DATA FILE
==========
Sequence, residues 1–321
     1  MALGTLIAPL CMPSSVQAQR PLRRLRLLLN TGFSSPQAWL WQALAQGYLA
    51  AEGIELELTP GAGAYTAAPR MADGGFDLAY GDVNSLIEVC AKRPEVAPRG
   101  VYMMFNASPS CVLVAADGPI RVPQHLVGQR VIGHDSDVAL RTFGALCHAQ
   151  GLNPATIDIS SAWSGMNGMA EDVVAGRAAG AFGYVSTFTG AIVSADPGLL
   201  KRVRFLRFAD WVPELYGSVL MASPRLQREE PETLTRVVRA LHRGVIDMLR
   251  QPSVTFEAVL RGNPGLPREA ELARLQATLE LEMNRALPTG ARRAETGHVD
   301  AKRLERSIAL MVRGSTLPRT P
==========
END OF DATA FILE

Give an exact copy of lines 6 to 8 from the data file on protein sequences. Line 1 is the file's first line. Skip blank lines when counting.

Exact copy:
   201  KRVRFLRFAD WVPELYGSVL MASPRLQREE PETLTRVVRA LHRGVIDMLR
   251  QPSVTFEAVL RGNPGLPREA ELARLQATLE LEMNRALPTG ARRAETGHVD
   301  AKRLERSIAL MVRGSTLPRT P